When I go running, I’ll put my music on shuffle. Back in the days when I was using an iPod Nano 2, I controlled all the music stored on the device. But with my iPhone 6, I noticed something sinister: a whole bunch of odd, totally not my taste songs playing as I was trying to do speedwork. I’m sure that Apple thought it was doing me a favor, introducing me to new music, but if the company paid attention to customer segmentation, not a single one of those songs would have been automatically downloaded.
Customer segmentation is critical in content marketing. You’re not going to please all of the people all of the time, and that’s why you’re going to create content for each of your customer segments. There is not a single customer or prospect who wants to receive every single piece of content you produce. Some will want to focus solely on your HR software, while others will be interested in accounting or ERP modules.
[tweetthis url=”http://christineparizo.com/?p=495″]There is not a single person who wants to receive every single piece of content you produce.[/tweetthis]
Additionally, customers and prospects will be at different stages in the buying process. Some will be just starting their research and may not even know they have a problem, or how to put their problems into words. Others will be longtime customers interested in upgrades or general support. And, of course, there is everyone in between, pricing options and talking to your sales team and trying to learn exactly how your product will solve their business problems. That’s a lot of customer segmentation.
Fortunately, you have more tools for customer segmentation at your disposal than Apple apparently uses. (I’m in the dark as to how my most recent downloads, which are Taylor Swift, 5 Seconds of Summer, and Elle King – okay, and a ton of 90s pop, would indicate that I’m interested in indie rock or electronica.) When prospects visit your site and download a white paper, they indicate what they’re interested in on the email capture form or simply from the download itself. A prospect downloads a white paper on HR management software, and you automatically know she’s interested in receiving information ONLY on that. Your email capture form can also ask your prospects when they plan to buy, which can help your sales team know when to start calling. That way, you don’t blanket your prospect with every blog post, newsletter, or email campaign you produce, nor do your sales people start calling too early.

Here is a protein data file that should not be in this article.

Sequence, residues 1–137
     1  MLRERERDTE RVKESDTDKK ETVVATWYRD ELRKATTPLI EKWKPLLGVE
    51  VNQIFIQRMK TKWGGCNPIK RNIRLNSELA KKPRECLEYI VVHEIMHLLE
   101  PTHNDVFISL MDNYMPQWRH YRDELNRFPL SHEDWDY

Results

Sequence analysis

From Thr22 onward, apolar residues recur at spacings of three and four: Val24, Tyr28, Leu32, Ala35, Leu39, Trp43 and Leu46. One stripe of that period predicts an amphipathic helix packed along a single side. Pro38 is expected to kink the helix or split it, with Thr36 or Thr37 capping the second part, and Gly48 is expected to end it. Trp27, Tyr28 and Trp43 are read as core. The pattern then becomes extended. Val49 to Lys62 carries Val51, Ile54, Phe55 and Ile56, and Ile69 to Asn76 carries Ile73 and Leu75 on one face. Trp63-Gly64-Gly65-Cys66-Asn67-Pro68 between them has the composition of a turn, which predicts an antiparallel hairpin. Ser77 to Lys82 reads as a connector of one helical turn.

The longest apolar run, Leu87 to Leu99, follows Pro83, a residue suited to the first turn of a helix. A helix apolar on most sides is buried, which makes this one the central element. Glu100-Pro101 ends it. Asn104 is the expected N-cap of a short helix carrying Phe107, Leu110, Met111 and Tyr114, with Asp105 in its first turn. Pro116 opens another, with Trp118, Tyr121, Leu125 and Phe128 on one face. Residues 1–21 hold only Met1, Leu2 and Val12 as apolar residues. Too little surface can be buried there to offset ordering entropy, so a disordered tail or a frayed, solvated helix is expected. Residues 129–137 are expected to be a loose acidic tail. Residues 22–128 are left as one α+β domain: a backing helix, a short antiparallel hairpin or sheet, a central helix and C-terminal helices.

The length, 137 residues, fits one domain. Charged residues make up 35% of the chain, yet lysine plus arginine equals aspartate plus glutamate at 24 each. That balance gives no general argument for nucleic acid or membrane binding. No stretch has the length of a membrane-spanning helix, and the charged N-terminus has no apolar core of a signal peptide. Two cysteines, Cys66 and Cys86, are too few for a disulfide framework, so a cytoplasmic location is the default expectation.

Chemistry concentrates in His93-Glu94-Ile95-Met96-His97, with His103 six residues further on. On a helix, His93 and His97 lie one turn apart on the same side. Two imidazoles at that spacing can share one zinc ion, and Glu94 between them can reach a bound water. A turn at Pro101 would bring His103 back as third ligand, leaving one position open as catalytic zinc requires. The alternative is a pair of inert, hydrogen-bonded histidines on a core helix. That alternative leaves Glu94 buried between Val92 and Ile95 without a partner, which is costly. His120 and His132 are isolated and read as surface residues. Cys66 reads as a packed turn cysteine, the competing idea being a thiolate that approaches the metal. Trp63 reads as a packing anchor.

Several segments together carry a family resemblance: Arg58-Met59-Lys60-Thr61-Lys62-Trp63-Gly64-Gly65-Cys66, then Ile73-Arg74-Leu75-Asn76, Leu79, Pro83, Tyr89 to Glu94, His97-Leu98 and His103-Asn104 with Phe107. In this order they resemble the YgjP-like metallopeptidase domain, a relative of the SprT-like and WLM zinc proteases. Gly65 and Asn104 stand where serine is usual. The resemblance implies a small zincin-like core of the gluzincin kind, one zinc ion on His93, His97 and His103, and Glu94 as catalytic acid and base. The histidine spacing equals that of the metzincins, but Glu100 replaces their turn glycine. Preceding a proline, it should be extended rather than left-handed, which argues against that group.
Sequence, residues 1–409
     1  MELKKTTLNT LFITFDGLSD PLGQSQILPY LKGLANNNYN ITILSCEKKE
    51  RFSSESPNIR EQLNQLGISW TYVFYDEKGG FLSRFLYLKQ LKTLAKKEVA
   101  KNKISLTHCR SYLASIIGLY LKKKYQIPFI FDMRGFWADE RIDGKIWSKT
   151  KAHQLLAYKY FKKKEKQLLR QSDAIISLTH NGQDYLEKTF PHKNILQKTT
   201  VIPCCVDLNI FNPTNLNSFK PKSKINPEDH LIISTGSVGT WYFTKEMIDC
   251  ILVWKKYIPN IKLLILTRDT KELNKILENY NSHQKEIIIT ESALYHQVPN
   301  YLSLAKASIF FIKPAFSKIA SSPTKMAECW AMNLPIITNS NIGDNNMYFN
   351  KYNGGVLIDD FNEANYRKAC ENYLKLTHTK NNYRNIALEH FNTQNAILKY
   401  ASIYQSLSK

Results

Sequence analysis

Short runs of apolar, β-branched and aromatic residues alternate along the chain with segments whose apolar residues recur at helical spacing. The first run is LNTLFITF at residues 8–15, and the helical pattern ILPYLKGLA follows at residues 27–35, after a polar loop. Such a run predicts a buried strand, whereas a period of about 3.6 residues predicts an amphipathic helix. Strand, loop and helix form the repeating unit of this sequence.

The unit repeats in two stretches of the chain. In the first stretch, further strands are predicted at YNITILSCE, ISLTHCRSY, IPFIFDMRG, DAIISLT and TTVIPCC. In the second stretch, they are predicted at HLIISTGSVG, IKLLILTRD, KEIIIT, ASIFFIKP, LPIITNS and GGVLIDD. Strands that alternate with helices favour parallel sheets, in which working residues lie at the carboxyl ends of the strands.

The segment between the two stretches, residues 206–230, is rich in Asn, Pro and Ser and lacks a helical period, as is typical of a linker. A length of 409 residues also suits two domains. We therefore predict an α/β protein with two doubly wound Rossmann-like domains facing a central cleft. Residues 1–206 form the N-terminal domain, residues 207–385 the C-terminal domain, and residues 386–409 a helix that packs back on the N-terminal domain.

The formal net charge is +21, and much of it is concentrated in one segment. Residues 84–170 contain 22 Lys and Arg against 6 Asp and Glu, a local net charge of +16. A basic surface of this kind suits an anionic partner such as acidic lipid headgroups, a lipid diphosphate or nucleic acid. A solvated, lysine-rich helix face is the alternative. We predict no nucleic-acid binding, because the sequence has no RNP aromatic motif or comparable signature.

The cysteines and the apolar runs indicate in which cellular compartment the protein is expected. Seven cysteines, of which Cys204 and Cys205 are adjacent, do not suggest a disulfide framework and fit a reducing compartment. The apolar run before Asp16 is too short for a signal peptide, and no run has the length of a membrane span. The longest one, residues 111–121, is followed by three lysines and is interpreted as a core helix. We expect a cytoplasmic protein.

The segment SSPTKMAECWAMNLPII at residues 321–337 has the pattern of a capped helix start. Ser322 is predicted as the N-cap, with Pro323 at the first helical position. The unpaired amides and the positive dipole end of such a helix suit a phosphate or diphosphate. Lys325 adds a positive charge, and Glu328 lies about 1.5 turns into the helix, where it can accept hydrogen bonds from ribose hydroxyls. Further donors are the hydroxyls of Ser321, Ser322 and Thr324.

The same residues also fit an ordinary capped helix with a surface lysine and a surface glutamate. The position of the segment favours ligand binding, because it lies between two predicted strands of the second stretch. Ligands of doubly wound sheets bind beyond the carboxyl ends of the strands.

When you’re working on your next campaign, work on proper customer segmentation. Don’t try to be everything to everybody – and don’t send everything to everybody. I doubt they’ll be as irritated as I was, angrily hitting the skip button as I ran and deleting a bunch of not-my-taste songs from my iPhone as I rehydrated, but it is a pain in the neck to be constantly wading through emails and content that doesn’t mesh with a current situation.
You can even take that a step further on your website and segment your content by product. Instead of a generic “white papers” or “resources” section, sort the resources by product or solution set. Make them easy to find. Ask for information in your email capture form – but not too much. Then segment your customers, offer them what they want – and then build a relationship with them before you start suggesting indie rock or electronica or a cool new CRM module.